Photographs: Luke Hayes
Identities for the Strelka Institute by OK-RM
And for the Venice Architecture Biennale Identity by John Morgan
Plus Serviceplan’s light-sensitive Austria Solar Annual Report
It was also good to see Uniform’s Digital Postcard and Player in there which uses printed circuitry to combine print and digital (slot the cards into a player to hear music ‘printed’ on them)
And Indian design publication Dekho: Conversations on Design in India by CoDesign
A full list of nominations can be found here
As mentioned, I was a nominator this year, so in the interests of disclosure, here’s what I put forward and the texts I wrote for the catalogue putting forward my reasoning. I also nominated Occupied Times but wasn’t needed to contribute text for that as others had also nominated it
Windows Phone 8
Skeuomorphism in interface design is the digital equivalent of a Mock Tudor house. Why is the database of contacts on a smart phone rendered in faux leather with a tiny ringbinder down its spine? Because it makes us feel comfortable and, in the early days of GUIs, linking digital functions to their real-world counterparts was a very useful means of introducing users to their screen-based future. But it’s time to move on. Windows Phone 8 leaves the world of fake chrome behind. Its ‘live tiles’ and flat graphics are a digitally-native environment which represents a genuinely innovative step in GUI design. Will it be commercially successful? Who knows. Today, Android and Apple dominate the smartphone market: there may not be room for a third player. But this is a design exhibition and Windows Phone 8 proposes an elegant and thoughtful aesthetic and functional alternative to an increasingly frustrating and clumsy status quo.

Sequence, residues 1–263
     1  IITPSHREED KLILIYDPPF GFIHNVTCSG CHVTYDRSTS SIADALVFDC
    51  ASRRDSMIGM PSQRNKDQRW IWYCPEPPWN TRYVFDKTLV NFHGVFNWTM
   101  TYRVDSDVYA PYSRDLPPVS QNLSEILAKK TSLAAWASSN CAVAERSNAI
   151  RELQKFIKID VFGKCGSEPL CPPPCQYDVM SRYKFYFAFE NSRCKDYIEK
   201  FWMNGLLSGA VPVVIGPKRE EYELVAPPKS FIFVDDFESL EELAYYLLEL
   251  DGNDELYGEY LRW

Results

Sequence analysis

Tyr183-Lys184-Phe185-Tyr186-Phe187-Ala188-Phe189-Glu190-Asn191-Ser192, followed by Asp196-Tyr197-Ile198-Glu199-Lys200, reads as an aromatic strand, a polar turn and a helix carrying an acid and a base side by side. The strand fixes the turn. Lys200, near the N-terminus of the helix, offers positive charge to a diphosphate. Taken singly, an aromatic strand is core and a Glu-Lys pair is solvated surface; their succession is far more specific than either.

Grand public projects feature large in the graphic design canon. Kinneir and Calvert’s road signage programme, Harry Beck’s London Underground map, Massimo Vignelli’s work on its New York counterpart: such projects reassure practicing designers that, yes, what they do does matter and can genuinely improve our lives. The gov.uk website is perhaps the digital equivalent of those great public projects of the past. It may not look particularly exciting or pretty, but that is not the point. This is design in the raw, providing vital services and information in the simplest, most logical way possible for everything from renewing a passport to understanding your rights as a disabled person.
2012 Olympics Wayfaring
The London 2012 logo will forever divide opinion, but even its most implacable detractors were forced to admire the consistency and rigour with which the look of the games was applied across London and the other 2012 venues. LOCOG claimed to have taken the development of a comprehensive graphic language for the 2012 Games further than any previous Olympiad, liaising with local authorities, the GLA, TFL, sponsors and all other interested parties to ensure ‘One Look’ applied from the airport all the way to the venues. We were promised a brand and not just a logo, a comprehensive visual experience to an extent not seen in previous Games. LOCOG and its design partners delivered just that.
The April print issue of CR presents the work of three young animators and animation teams to watch. Plus, we go in search of illustrator John Hanna, test out the claims of a new app to have uncovered the secrets of viral ad success and see how visual communications can both help keep us safe and help us recover in hospital